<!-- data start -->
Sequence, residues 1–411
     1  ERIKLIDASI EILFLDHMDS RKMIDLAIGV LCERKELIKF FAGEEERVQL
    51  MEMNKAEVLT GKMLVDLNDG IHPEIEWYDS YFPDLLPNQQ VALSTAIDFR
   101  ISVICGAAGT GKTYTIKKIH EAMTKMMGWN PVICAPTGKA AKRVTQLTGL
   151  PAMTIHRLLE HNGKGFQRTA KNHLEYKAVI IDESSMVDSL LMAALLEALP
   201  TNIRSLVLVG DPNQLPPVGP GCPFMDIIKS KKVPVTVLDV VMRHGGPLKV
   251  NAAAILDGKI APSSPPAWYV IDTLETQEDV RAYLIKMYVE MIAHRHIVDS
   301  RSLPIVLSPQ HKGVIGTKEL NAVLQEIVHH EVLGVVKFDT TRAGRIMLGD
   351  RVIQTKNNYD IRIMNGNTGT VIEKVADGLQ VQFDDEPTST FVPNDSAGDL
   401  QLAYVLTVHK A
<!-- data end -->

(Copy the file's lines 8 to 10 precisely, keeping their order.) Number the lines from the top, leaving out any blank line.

   301  RSLPIVLSPQ HKGVIGTKEL NAVLQEIVHH EVLGVVKFDT TRAGRIMLGD
   351  RVIQTKNNYD IRIMNGNTGT VIEKVADGLQ VQFDDEPTST FVPNDSAGDL
   401  QLAYVLTVHK A